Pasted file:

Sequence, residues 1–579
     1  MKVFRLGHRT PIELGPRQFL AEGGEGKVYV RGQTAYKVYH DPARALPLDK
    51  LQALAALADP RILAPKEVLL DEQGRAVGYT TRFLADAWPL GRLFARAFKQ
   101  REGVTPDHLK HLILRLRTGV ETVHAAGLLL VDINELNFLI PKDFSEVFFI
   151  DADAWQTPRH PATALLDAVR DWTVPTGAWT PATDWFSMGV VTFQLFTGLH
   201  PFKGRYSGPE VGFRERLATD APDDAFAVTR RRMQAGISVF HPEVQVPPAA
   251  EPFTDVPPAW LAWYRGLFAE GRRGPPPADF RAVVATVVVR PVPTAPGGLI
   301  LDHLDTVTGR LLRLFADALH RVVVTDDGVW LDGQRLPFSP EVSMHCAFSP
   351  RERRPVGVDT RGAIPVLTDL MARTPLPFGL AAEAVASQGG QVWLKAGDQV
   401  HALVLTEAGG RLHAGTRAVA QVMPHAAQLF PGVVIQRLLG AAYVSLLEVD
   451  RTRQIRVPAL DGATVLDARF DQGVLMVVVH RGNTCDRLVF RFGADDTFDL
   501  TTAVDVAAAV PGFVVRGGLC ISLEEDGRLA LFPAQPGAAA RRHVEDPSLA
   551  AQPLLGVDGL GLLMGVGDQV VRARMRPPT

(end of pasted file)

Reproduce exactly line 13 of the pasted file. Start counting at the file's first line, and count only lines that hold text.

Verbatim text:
   551  AQPLLGVDGL GLLMGVGDQV VRARMRPPT